The magic of myths

The magic of myths online resource provides teachers, kaiako and career educators with tools and tips about using kōrero pūrākau or Māori myths and legends to connect with students about their future pathways. This resource can also help you share the magic of kōrero pūrākau with whānau, and help parents connect with their children about their future directions.

Myths and legends are created and used by cultures all over the world to entertain, engage, and educate audiences. Oral traditions have always been an important part of Māori culture and identity, with stories handed down from generation to generation. Kōrero pūrākau help us to explain the past, develop understanding, remember experiences and pass on learning.

Three myths with activities

Three Māori myths have been retold by Wiremu Grace in both English and te reo Māori, and illustrated by Andrew Burdan. Activities are provided in English for each myth.

Teacher's guide

This gives some background about myths and legends, and ideas about how you can use these in the classroom.

Here are some examples of how myths and legends connect with the New Zealand curriculum and NCEA.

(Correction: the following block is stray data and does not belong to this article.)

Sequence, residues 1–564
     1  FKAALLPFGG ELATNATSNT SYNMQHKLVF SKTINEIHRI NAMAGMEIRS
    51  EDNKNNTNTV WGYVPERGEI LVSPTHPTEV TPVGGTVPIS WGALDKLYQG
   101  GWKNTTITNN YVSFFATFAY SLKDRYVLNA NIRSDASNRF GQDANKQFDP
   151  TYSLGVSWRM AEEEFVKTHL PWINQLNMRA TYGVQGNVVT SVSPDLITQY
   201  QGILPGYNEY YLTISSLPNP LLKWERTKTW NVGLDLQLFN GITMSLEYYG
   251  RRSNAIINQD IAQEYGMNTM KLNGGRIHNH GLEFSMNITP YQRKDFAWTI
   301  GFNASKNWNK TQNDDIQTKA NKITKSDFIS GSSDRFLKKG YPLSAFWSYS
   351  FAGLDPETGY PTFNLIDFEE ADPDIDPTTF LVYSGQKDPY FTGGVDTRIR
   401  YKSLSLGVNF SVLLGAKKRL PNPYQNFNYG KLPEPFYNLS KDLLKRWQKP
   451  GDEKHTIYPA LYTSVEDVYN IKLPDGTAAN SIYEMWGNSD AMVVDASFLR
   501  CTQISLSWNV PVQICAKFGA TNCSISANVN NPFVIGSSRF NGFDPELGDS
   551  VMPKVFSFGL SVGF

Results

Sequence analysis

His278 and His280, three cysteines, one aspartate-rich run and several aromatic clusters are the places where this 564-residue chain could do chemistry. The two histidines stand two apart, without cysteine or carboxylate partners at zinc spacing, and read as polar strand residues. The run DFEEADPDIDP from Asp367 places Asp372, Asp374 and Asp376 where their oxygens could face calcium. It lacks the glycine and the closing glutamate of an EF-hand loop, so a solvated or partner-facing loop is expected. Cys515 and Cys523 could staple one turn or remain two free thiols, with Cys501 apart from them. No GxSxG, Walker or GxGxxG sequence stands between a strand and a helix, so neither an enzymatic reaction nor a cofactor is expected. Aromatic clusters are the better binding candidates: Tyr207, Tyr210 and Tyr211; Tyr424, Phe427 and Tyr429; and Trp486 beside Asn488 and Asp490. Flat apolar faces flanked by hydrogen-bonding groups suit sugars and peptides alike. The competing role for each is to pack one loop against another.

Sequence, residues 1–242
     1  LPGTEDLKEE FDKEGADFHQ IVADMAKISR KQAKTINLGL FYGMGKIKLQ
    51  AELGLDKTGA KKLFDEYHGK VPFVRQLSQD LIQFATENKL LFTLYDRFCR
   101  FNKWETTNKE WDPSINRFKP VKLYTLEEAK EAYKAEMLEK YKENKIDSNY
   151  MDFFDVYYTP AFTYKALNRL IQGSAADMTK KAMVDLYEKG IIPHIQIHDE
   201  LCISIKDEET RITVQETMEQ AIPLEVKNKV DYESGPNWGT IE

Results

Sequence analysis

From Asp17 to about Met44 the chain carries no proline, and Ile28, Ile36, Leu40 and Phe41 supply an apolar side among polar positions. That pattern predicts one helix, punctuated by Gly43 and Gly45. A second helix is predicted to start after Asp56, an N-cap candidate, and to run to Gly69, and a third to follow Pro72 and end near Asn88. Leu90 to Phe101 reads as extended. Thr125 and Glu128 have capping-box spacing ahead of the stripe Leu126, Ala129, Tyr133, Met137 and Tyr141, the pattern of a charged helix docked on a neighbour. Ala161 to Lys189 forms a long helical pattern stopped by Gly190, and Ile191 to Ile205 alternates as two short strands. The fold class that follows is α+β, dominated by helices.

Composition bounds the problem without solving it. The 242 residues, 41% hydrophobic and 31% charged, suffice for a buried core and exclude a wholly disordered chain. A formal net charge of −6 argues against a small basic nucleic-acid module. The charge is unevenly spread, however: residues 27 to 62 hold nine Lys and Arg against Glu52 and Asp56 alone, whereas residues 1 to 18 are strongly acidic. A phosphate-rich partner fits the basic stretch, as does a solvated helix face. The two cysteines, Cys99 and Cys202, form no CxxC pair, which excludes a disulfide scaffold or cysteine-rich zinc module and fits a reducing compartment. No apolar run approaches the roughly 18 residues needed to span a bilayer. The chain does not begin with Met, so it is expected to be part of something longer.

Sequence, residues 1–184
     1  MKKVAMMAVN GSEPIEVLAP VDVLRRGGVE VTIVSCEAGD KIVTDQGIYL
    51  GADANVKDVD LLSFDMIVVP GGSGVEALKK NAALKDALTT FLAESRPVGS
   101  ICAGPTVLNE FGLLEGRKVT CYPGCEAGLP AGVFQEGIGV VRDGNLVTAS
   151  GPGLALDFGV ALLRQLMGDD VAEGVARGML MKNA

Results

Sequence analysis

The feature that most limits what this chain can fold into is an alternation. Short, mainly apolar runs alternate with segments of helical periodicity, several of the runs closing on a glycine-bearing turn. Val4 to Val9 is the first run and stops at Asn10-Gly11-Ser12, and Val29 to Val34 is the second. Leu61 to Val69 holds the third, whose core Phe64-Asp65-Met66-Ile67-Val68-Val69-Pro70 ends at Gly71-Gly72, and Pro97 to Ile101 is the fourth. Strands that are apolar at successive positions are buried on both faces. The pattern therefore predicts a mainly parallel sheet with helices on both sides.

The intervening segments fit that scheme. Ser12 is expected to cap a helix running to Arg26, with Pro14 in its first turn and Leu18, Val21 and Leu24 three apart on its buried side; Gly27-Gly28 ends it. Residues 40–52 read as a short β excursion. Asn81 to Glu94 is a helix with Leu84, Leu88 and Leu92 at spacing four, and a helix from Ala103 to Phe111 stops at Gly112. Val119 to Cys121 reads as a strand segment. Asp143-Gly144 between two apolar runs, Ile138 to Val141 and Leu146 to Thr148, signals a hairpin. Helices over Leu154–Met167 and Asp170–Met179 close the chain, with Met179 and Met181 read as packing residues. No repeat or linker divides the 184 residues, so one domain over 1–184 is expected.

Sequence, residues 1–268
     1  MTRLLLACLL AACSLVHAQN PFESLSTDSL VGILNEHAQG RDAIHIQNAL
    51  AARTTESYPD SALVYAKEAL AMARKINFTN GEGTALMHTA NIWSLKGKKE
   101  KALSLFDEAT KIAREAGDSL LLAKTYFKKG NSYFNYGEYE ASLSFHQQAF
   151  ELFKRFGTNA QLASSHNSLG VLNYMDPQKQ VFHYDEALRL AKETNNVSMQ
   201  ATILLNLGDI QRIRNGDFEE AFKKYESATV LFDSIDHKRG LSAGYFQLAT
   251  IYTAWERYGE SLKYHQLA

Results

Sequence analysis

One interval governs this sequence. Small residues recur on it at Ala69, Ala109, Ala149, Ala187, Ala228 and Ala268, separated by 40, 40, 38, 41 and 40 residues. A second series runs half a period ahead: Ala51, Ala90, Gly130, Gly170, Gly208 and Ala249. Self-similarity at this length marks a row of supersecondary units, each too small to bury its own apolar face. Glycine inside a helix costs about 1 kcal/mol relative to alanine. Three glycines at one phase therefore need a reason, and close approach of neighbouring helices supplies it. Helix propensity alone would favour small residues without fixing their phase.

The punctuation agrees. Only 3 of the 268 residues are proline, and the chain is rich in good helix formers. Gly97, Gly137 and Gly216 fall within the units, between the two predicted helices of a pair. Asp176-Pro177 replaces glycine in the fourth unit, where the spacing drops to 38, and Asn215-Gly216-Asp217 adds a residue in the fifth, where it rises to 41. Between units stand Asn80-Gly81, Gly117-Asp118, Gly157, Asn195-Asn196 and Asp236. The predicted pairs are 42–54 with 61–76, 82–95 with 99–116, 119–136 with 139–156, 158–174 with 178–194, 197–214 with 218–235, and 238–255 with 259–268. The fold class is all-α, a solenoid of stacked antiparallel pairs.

Where to find more myths and legends

Web resources

Books

  • Bishop, G, 'Taming the Sun: Four Māori Myths', Random House, 2004.
    Contains four stories, including Māui and the Sun, Māui and the Big Fish, Rona and the Moon, and Kahu the Taniwha.
  • Orbell, M, 'The Illustrated Encyclopedia of Māori Myth and Legend', Canterbury University Press, 1995.
    A detailed guide to Māori myths and legends, religious beliefs, folklore and history, with more than 380 entries. 
  • Sullivan, R, 'Weaving Earth and Sky: Myths and Legends of Aotearoa', Random House, 2002.
    An anthology of the story of creation, Māui tales, Tawhaki and Rata and Kupe's voyage to Aotearoa.
  • Winitana, C, 'Legends of Aotearoa', HarperCollins, 2001.
    Fourteen Māori stories rooted in iwi oral tradition, and telling stories of the natural landforms of regions of Aotearoa.

Other resources

  • Check out your local library for local stories and kōrero pūrākau.
  • Utilise your whānau and community networks to find local storytellers who can contribute to your kōrero pūrākau workshops.

Updated 11 Nov 2016